“What keeps me up at night is that we get into October and somebody drops a ball or something,” Futter said. “It looks like a good team, but I go back to my old Cubs fan DNA. In October Rizzo and Bryant get cold the way Aramis Ramirez or Sammy Sosa used to and then we’re just screwed. I don’t know, man. I don’t like talking about it. We’re like Boston fans before ’04. We’re waiting for the other shoe to drop.”

In their own ways, I feel like Keir and Futter are both unrealistic, as is that story about the Cubs being a “perfect team.” They’re going to be good. Should be anyway. But like Lester said, that’s all on paper and it’s all pending health and execution and a very long grind between now and October. Assuming doom in in the offing is just as unrealistic as saying “the playoffs are a must.” Both are divorced from the realities of a baseball season in which expectations, optimistic or otherwise, mean nothing after the games get going.

If the players ever do think of that, they obviously work hard to put it out of their mind and to simply go to work day-to-day. Rendering any talk about the expectations weighing heavy on them — or them embracing them for that matter — rather superfluous. Joe Maddon may talk about that stuff a lot because he’s asked about it, but it strikes me that, all things being equal, the players would prefer to have no expectations at all.

The Unwritten Rules Wars Will Continue But One Side Has Already Lost

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Depending on how interested you are in off-the-field stuff, yesterday’s outbreak of Unwritten Rules controversies (here, here, and here) were either entertaining or annoying to you in the extreme. However you feel about it, though, it’s worth remembering that these are not isolated incidents that will go away today because it’s a new day. These are just skirmishes in a larger war which has been raging for some time. A topic far larger than Bryce Harper, Jose Bautista, Rich Gossage or Sergio Romo. The fight over bat flips and exuberance on the one hand and Playing The Game The Right Way on the other is a cultural and generational conflict, not one over any one player.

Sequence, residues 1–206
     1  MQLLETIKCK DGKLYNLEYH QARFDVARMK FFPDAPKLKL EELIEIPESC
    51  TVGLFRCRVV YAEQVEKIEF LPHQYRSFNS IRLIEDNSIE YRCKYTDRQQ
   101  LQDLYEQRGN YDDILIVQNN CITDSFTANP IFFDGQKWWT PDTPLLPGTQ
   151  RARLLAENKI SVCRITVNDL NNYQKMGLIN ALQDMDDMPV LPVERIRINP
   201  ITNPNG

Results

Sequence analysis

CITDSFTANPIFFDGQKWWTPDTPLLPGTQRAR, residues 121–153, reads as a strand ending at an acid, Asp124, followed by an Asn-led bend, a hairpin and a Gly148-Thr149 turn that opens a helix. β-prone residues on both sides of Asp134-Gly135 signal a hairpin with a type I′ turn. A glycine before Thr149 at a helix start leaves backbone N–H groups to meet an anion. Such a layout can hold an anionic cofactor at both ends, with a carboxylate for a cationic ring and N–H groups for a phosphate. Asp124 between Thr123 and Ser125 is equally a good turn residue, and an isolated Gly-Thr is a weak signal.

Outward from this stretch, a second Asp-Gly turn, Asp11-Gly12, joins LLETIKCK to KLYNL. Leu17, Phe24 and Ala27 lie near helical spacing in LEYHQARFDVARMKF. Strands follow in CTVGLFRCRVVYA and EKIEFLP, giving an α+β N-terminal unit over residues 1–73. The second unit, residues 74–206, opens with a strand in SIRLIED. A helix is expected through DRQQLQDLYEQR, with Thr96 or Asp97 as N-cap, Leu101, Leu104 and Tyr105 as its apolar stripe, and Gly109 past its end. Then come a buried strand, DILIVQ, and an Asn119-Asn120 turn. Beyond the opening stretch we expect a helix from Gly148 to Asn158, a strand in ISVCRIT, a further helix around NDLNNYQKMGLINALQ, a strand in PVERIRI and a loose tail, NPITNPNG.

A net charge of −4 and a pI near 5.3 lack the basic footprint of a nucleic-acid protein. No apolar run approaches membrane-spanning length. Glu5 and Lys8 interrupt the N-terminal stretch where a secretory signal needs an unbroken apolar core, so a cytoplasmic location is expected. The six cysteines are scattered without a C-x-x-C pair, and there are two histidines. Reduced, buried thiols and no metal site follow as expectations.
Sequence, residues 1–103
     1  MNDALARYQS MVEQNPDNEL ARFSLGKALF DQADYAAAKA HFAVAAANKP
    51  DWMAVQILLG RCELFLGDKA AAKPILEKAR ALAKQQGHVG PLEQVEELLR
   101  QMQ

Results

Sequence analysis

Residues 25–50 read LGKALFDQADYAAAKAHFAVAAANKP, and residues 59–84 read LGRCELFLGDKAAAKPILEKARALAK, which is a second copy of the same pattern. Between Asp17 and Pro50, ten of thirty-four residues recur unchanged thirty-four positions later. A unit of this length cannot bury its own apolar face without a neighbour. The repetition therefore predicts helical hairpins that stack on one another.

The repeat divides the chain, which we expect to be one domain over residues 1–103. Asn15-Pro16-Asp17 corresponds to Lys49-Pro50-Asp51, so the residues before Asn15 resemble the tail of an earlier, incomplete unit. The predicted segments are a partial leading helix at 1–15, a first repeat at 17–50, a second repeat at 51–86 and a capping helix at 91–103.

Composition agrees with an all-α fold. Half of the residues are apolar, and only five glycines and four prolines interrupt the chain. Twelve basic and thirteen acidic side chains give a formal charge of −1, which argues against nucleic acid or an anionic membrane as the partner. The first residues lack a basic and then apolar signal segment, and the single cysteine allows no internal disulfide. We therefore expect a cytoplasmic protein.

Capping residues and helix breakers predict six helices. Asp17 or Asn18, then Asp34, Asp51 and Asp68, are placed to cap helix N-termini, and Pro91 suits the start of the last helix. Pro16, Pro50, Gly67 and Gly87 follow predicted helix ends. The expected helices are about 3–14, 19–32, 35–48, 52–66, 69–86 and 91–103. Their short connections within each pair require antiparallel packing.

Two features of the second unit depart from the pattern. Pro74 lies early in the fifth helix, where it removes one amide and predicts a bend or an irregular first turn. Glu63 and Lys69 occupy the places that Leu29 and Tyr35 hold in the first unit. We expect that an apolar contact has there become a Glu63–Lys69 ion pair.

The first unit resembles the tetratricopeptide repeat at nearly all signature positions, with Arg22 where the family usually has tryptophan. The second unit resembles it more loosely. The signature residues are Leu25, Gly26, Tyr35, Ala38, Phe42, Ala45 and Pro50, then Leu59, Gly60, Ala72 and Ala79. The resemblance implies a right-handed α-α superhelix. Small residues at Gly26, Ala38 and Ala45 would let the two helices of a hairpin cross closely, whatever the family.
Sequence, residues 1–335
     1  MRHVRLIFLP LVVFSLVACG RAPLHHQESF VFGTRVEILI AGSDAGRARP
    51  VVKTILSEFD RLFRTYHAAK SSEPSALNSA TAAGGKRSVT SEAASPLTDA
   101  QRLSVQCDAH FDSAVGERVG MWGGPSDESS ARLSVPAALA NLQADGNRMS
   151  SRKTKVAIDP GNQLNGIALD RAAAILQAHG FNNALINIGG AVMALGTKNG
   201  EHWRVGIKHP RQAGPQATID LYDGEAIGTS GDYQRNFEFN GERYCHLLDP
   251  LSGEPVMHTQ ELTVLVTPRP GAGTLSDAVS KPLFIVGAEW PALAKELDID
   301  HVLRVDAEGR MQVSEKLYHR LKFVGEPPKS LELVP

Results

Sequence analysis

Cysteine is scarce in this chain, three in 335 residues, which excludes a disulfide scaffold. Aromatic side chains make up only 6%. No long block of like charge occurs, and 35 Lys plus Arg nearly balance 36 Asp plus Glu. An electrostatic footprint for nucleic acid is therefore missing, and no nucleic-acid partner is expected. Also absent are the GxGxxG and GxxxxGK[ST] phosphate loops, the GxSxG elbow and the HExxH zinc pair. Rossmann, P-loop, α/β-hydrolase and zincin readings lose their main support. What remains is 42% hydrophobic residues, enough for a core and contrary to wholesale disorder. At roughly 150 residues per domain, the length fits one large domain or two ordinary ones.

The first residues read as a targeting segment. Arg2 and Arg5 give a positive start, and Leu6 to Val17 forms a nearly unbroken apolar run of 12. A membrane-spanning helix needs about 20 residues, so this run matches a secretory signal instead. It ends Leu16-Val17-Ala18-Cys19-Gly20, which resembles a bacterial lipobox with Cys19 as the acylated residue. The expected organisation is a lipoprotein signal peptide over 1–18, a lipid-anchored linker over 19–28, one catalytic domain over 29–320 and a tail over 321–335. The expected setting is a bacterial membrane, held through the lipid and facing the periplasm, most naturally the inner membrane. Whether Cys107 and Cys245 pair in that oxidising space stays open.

Culturally speaking it’s about norms of behavior which developed in a game when it was dominated by white American guys but which now features Latin American players at every level and in every role from player to coach to organizational depth guy to superstar. Norms of deportment from the 1950s or before held steadily when Latin players were fewer in number and when they could be subtly (or sometimes not-so-subtly) coerced into assimilation. Eventually, however, as is the case in any setting where a once dominant culture begins to lose its numbers or its desire to coerce such assimilation, there is an assertion of identity by the minority culture. That is often followed by a reactionary backlash. An occasional bat flip or celebration may have seemed amusing in 1975 because it posed no perceived threat to baseball’s cultural order. Now those who are uncomfortable with the changing of baseball culture see it as a threat and lash out.